The ridiculousness of requests can be made apparent simply by placing them side by side.

    To Freelance Translators #tothebaker
    Can you translate these 100 words for free? Can I have this bread for free please?
    Repetitions are unpaid; 75-99% receive 30% of full fee I will not pay for slices 5, 7 and 14 as these have the same shape.
    Can you do a test translation for free? Can I have five slices for free, so I can test them first?
    Our payment terms are 60 days net I will eat it now, but I will pay in April
    Poor quality; we will deduct 30% Awful quality; I want my money back
    I cannot pay you for this job, but I’ll offer free exposure I can’t pay for the bread, but I will advertise it to everybody I know
    I have a new job, but you should sign this contract first I need you to sign a contract for every loaf of bread I buy, in order to be sure that you’re a real baker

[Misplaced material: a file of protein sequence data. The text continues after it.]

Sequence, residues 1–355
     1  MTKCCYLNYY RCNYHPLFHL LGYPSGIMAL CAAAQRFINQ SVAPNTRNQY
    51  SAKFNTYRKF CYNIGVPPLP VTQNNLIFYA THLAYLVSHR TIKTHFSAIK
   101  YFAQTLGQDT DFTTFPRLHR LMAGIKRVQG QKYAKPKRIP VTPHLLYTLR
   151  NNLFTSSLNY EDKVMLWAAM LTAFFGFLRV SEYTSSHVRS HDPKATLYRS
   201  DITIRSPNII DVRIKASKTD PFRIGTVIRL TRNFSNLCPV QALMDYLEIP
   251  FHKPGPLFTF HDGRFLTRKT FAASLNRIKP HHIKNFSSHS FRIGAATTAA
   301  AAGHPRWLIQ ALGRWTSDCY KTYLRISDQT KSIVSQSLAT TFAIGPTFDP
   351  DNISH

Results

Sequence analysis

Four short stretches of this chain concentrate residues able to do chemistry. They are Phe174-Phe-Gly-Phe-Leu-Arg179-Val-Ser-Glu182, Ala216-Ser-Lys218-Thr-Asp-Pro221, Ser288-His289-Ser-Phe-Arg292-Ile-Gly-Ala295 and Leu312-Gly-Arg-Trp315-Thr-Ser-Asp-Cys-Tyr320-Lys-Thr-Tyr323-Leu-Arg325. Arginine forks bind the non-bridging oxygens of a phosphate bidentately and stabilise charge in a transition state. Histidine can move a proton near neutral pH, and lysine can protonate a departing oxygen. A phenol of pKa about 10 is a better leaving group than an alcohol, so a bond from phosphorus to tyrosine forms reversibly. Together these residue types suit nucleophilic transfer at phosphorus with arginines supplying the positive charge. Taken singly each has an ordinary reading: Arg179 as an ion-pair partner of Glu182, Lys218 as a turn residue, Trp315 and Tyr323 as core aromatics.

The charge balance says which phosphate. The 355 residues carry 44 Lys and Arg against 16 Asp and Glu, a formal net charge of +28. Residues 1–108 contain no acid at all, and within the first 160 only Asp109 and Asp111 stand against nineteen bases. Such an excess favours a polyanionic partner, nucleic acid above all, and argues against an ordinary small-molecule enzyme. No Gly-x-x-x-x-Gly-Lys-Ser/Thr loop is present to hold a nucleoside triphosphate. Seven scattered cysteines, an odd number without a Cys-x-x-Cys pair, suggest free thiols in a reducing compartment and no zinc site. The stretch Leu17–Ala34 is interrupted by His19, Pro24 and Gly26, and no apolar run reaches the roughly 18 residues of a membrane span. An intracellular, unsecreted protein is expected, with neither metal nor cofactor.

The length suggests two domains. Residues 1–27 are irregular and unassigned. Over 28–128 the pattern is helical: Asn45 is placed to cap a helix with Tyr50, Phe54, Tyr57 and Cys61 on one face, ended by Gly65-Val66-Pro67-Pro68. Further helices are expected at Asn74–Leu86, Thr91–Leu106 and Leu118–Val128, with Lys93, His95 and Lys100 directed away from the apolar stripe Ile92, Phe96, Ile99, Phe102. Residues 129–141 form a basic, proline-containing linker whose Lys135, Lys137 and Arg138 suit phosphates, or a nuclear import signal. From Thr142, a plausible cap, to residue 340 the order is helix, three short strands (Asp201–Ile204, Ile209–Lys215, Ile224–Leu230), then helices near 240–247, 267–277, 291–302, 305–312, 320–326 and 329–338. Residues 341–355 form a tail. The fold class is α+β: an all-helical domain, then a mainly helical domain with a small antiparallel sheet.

We cannot pay much for this first job, but we can guarantee a steady flow afterwards. Oh wait, there’s only one job. I cannot pay the full price for the bread, but I promise you to come back tomorrow. Oh wait, I don’t need it tomorrow.

    That #tegendebakker hashtag was therefore not simply born out of frustration, but was a shout for more respect – in particular from the people who do not have bear any of the risks, but who put that load on freelancers in every field.
    Last year the Canadian marketing agency Zulu Alpha Kilo made a video with the same intention.

    How to deal with client requests

    To be sure, I am not a frustrated translator. However, I enjoyed the #tegendebakker trend. Not only because it finally made visible what so many freelancers encounter each day, but also because a great deal was simply hilarious. I mean, too ridiculous to be taken seriously. But that’s exactly how clients approach us each and every day.

    What other freelancers experience, I experience as well. I receive requests similar to those in the table above at least once a week. Luckily, I am in the position to choose which jobs to take on and which to turn down. Clients should nevertheless know how to deal with freelancers; they are professionals and business partners, taking and bearing risks but doing their work properly. They deserve to get paid – the right amount at the right time.